ASIA PACIFIC TRIENNIAL 9: Enkhbold Togmidshiirev’s Paintings Incorporate a Range of Media



Enkhbold Togmidshiirev’s Paintings Incorporate a Range of Media


Enkhbold Togmidshiirev is a painter and performance and installation artist best known for his large-scale, monochromatic canvases executed in materials derived from his nomadic culture, and improvised performances using the ger, the traditional Mongolian home.


Created in parallel to his performance work, Enkhbold’s restrained colour-field paintings incorporate unusual media — horse dung, felt, shrubs, ash, rust, sheep skin and tripe — which are either laid over the canvas or worked into its fibres.


These materials are sourced from the countryside, when the artist returns to his homeland, and undergo extensive preparation before he uses them in his paintings. The dung, for instance, is dried and crumbled, and sifted three times to ensure a fine consistency. It is then applied over a base of gelatine and gel, or mixed into the base directly, after which it is covered in acrylic paint. Horse dung can differ in colour and texture depending on the season and the specific environmental conditions of the animals, and so the material provides the artist with a shifting palette.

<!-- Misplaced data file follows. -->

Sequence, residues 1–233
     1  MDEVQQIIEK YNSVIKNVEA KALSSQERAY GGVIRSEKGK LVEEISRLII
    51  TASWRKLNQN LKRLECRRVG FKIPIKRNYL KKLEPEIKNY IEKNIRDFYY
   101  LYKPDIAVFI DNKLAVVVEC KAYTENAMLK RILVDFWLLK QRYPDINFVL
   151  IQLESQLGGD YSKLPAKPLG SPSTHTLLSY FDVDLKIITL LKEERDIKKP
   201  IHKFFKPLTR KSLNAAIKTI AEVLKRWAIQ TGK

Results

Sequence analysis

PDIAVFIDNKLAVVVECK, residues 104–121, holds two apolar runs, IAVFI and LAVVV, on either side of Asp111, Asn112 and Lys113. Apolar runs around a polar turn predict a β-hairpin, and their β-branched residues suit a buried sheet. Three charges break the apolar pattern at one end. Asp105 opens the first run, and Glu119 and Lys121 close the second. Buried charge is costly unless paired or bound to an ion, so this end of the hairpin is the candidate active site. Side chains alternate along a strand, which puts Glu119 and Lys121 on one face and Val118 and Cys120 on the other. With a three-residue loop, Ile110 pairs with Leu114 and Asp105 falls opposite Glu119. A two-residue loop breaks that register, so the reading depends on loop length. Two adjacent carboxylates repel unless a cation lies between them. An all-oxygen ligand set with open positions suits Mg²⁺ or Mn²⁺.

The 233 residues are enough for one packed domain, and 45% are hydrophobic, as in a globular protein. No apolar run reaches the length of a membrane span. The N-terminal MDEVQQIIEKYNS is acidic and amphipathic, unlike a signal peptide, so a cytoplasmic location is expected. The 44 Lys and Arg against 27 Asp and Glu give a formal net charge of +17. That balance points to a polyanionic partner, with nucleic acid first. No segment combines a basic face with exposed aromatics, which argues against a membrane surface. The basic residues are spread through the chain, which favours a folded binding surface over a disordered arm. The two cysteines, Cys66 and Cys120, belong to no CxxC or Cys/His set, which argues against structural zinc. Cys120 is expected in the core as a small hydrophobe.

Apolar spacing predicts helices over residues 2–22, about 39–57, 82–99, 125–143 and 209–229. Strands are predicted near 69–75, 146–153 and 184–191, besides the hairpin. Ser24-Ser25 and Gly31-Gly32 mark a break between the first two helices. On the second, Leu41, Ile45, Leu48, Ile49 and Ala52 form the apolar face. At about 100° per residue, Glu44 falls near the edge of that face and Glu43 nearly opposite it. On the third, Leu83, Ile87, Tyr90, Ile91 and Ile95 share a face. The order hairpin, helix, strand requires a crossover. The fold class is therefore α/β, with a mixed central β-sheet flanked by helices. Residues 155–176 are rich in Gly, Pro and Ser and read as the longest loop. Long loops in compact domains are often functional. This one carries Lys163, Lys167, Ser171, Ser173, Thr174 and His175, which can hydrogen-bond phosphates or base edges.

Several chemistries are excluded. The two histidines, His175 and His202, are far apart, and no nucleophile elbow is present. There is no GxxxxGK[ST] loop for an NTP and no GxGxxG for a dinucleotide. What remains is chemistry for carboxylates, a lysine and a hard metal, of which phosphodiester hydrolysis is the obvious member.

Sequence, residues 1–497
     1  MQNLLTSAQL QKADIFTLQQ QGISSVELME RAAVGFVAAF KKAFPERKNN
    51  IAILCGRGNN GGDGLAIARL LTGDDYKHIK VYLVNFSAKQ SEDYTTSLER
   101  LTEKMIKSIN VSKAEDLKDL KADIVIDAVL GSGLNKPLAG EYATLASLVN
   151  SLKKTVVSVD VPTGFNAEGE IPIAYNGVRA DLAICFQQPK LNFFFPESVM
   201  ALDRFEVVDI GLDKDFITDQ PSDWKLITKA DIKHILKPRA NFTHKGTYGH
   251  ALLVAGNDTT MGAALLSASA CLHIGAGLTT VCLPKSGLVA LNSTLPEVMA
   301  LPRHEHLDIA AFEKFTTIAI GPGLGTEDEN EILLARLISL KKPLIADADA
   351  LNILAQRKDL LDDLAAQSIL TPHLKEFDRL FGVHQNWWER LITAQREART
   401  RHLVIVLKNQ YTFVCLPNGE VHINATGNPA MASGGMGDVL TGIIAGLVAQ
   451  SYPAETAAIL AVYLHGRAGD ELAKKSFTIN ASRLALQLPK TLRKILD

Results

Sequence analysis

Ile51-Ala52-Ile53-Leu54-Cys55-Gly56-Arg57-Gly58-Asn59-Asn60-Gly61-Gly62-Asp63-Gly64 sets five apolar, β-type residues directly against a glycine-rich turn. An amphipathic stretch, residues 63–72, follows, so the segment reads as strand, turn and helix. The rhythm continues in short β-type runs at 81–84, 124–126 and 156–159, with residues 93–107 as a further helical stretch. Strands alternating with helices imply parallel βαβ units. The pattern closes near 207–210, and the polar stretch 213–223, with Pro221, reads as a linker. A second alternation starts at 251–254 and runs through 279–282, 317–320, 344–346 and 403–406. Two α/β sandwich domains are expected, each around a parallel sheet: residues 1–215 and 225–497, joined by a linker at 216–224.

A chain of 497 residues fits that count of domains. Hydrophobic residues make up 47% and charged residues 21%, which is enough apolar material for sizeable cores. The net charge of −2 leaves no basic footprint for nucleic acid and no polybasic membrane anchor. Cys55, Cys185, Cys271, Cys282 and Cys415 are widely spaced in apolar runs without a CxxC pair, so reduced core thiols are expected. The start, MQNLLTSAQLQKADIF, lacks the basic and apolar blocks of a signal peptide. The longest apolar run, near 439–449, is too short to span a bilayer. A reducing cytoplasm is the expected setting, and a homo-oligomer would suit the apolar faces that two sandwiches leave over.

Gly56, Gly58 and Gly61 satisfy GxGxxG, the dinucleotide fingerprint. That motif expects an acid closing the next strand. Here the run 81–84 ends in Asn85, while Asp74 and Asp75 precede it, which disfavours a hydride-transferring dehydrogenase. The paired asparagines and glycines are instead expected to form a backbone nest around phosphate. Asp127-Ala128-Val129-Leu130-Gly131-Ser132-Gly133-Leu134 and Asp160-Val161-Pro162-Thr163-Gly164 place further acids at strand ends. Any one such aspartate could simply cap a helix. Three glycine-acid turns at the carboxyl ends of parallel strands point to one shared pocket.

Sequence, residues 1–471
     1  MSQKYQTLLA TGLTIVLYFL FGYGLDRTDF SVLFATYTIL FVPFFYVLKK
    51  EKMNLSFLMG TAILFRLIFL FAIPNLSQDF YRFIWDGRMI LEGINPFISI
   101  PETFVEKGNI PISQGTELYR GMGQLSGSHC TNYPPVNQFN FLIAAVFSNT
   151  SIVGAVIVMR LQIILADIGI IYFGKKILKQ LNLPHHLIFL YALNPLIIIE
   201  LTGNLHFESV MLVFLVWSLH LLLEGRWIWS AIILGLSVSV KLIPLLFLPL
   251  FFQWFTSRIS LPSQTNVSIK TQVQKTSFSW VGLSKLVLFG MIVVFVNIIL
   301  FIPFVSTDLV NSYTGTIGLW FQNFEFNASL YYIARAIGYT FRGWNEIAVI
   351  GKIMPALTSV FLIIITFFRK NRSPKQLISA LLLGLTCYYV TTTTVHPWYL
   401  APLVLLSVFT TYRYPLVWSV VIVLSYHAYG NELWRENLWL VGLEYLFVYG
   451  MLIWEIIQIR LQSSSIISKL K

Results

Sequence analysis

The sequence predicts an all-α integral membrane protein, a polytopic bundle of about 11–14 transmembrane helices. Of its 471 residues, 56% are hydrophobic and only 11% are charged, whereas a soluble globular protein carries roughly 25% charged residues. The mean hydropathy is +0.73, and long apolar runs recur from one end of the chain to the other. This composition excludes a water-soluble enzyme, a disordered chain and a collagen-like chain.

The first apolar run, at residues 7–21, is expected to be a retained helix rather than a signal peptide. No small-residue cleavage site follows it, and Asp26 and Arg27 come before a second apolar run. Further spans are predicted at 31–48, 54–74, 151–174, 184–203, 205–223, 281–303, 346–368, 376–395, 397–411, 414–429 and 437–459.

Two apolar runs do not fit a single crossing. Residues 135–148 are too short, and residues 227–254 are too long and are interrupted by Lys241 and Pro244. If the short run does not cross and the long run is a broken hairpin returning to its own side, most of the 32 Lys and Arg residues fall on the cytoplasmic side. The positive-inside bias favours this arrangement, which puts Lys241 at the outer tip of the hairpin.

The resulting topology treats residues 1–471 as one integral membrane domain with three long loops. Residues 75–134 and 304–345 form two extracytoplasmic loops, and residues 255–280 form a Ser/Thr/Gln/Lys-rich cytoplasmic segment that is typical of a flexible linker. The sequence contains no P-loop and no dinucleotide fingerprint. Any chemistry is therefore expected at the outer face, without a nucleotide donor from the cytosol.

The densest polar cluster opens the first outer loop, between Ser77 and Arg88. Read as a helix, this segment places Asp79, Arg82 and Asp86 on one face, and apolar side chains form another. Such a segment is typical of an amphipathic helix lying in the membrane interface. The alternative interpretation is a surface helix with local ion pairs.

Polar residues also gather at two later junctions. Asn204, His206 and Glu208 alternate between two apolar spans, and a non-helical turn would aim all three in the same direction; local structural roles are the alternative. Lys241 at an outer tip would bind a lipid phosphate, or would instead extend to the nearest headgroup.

Occasionally, Enkhbold incorporates collage into his paintings, and fabrics such as cotton, silk and hessian vary the surfaces of his works, introducing formal devices like Rothko-esque horizontal fields through stitching and textural contrast.


Enkhbold’s vast planes of colour and tone are determined exercises in abstraction, an abstraction that the artist also emphasises in the form of his performative ger. It is the materiality of his works, like the performances they complement, that preserves a strong connection with both traditional and contemporary Mongolian life.


See here QAGOMA publication

EnkhboldTogmidshiirev at APT 9 (photo source QAGOMA)